History, TD roundhouse

TD roundhouse MP Wilmes, engineer, left, and Joe Wilson fireman.


1920 — 100 years ago

A capacity house witnessed the formal opening of the Blue Diamond Bowling Alleys Tuesday evening. Working up to the last minute, Mr. House and Mr. Kruse kept their promise to Hood River bowling fans by having the six tournament drives ready at the time specified. Short speeches by Mayor Scobee, Truman Butler and Rev. W.H. Boddy started the evening. — Hood River News

In the advertisements being published now by merchants of The Dalles, they are giving you the latest news of their stores. Everyone is shopping and everyone is buying, or should be buying, in The Dalles. If you are skeptical about the prices in The Dalles, compare those quoted in these columns by the merchants with those published by Portland merchants. You will find that item for item, local prices are either the same or lower. — The Dalles Daily Chronicle

History, Chronicle staff, 1940

The Dalles Daily Chronicle staff pose for a 50th anniversary edition published Dec. 16, 1940.

1940 — 80 years ago

A big treat is in store for the boys and girls of this community next Wednesday, Christmas Day, when the Hood River Elks Club will sponsor a free show at the Rialto Theater. Following the show, which will start at 10 o’clock and will be a full length special feature, Santa Claus will be the center of attraction at a big Christmas tree at the Elks Temple. There will be gifts and presents for all children of town and valley who attend. Inasmuch as a big crowd of children is expected, plans have been made to insure their safety by having downtown streets patrolled to keep the children free from any traffic hazard. — Hood River News

First editor of The Dalles Daily Chronicle was John H. Cradlebaugh, a man of exceptional talents and a keen follower of the journalistic profession. Twenty-five years ago Cradlebaugh wrote of his impressions of the birth of The Chronicle in 1890 and its subsequent early history. These impressions have been recorded and are republished as follows... — The Dalles Daily Chronicle

History, Hood River News 1940

In keeping with the spirit of the season, Santa Claus was pressed into service last Saturday afternoon for the customary parade down Oak Street. Many youthful worshipers followed their idol to the big tree at the end of the street, where Santa, assisted by Harold Loomis and Fred Pattison, passed out candy to the kiddies. — Hood River News, Dec. 20, 1940

1960 — 60 years ago

Mt. Hood residents who’d been away for a while were startled by the sight greeting them at the Mt. Hood School corner. There, in the suddenly empty lot where George Hanel’s historic Mt. Hood Post Office had always been was just a pile of lumber. On a heavy timber frame, with men and machine provided by the State Highway Department, the Hanel store and P.O. were trucked out of the path of the new swath that the state will cut as it pushes the Loop Highway project on into the Hood River Valley. — Hood River News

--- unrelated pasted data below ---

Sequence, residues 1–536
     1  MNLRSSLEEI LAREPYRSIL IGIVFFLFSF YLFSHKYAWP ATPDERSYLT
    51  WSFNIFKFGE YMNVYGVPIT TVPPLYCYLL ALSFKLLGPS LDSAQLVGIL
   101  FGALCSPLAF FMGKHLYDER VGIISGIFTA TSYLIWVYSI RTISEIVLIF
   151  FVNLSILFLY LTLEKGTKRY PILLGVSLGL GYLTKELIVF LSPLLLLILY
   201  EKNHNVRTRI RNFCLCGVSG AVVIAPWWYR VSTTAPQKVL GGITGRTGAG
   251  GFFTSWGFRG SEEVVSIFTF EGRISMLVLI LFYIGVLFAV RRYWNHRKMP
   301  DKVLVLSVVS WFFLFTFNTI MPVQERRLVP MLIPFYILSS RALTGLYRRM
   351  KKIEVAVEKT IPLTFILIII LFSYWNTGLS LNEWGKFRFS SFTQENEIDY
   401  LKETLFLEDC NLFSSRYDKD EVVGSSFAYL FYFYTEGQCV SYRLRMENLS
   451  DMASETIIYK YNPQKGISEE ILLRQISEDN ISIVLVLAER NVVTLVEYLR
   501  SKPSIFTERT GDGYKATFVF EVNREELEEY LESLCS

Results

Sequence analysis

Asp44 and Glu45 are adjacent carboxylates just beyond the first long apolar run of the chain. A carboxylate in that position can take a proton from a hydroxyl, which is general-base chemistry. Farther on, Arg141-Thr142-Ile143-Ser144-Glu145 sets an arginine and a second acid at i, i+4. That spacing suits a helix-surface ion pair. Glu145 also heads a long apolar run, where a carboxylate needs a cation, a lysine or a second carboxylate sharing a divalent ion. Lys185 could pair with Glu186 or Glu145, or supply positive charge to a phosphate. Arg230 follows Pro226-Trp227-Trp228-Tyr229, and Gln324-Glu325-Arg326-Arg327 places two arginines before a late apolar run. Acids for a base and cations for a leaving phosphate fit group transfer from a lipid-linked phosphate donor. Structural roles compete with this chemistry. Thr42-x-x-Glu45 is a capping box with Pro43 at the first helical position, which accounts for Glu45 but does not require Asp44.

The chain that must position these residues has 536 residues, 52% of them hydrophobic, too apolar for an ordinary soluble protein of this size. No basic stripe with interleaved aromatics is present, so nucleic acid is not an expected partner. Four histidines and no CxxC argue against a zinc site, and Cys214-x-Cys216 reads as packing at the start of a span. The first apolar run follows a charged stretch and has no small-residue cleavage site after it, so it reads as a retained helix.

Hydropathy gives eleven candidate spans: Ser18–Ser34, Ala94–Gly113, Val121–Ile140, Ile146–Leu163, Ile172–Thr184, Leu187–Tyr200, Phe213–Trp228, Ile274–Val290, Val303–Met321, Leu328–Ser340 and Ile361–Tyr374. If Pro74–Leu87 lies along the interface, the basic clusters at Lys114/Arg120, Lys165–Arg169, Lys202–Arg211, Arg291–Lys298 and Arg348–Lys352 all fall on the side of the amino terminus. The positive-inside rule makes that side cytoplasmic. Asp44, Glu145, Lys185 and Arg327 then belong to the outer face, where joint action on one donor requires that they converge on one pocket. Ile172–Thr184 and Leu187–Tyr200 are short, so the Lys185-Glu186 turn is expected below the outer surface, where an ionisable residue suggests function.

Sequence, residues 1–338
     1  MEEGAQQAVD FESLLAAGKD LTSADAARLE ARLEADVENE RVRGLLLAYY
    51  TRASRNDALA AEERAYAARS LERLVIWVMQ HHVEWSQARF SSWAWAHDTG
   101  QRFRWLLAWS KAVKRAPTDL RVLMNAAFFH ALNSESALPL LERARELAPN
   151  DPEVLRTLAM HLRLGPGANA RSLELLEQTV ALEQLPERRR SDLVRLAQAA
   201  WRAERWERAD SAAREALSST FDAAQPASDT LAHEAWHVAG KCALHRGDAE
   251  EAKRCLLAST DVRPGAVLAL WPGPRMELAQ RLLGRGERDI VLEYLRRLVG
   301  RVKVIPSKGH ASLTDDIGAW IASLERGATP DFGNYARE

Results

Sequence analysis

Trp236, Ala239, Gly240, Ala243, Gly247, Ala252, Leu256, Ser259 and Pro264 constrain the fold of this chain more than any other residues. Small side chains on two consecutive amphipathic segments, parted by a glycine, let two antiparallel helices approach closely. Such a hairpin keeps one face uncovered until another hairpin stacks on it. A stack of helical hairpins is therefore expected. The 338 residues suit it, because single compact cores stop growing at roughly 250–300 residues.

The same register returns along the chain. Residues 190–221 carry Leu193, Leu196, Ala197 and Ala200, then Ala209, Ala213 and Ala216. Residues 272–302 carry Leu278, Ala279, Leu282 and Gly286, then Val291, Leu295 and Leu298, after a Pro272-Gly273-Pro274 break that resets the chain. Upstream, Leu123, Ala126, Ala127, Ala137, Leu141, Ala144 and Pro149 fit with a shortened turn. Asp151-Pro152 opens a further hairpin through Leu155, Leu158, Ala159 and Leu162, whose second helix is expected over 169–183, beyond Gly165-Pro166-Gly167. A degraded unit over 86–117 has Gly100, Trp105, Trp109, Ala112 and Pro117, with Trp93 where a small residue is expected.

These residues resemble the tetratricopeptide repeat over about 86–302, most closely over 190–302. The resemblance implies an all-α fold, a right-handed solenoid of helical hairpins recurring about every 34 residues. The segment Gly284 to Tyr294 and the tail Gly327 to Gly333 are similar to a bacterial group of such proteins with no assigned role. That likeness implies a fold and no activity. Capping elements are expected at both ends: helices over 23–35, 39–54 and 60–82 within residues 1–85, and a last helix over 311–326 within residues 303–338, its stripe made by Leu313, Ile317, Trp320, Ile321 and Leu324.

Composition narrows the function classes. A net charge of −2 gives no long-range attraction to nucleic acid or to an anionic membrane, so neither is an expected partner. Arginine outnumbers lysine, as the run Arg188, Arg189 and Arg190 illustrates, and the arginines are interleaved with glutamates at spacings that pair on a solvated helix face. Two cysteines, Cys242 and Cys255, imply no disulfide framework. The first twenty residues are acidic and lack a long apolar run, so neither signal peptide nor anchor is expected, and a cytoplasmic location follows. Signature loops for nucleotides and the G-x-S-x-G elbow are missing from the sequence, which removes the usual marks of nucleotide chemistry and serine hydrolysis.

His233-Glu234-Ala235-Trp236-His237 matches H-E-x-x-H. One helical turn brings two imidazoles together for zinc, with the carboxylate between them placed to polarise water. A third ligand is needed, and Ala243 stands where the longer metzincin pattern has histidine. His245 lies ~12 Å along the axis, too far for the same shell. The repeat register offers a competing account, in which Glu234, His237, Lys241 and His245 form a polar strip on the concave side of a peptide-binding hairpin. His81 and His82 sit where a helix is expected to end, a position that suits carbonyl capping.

Dalles City, Wasco County and Oregon State Highway officials huddled yesterday in an attempt to work out a right-of-way play problem created by U.S. 30 by-pass plans here ... regarding property once slated for city shops, now needed for S. Frontage Road relocation. — The Dalles Daily Chronicle

Christmas Cartoon 1980

Editorial cartoon from The Dalles Daily Chronicle, Dec. 16, 1980.

1980 — 40 years ago

The Dee Hardboard Plant is back in full operation this week for the first time in almost a month and Champion International announced its Neal Creek sawmill will shut down Dec. 22 through January during installation of a new lumber edger. Workers were called back to their jobs Monday at the Dee plant after the company operated with a skeleton crew last week during a shutdown involving the temporary layoff of about 115 employees. The Neal Creek sawmill shutdown will result in the layoff of approximately 95. — Hood River News

What authorities had first feared was a spill of the toxic chemical PCB at a truck weighing station on Interstate 84 west of Hood River turned out to be oil sludge and was not hazardous, the Oregon State Police said late Wednesday. — The Dalles Daily Chronicle

(1979) A lack of quorum at Bingen City Council halted progress on the adoption of a county-wide amended six-year comprehensive road improvement program and the City of Bingen’s allocation to the Klickitat County Regional Planning Board. — White Salmon Enterprise

2000 — 20 years ago

Old Man Winter blew into town with a vengeance this week, arriving a few days ahead of schedule. Snow began falling mid-week, creating hazardous road conditions around the county, in town and on I-84 by Wednesday afternoon. by Thursday, city workers spreading sand and gravel struggled to keep pace with the storm, as snow falling heavily throughout the morning turned streets into icy runways and sent cars bouncing off one another. — Hood River News

A tractor trailer rig plunged off the O.S. 97 bridge and dropped 150 feet into the Columbia River Friday, killing the driver. The vehicle was not visible above the water. Searchers immediately began checking both sides of the river for survivors. Search divers using a video camera located the man in the tractor trailer but was not able to immediately recover his body because of dangerous river conditions. — The Dalles Daily Chronicle

The White Salmon City Council voted 4-0 to maintain ownership of the building that previously housed the White Salmon Community Library. The 1,600 square foot building has been vacant since the library moved to its new location in May. — White Salmon Enterprise

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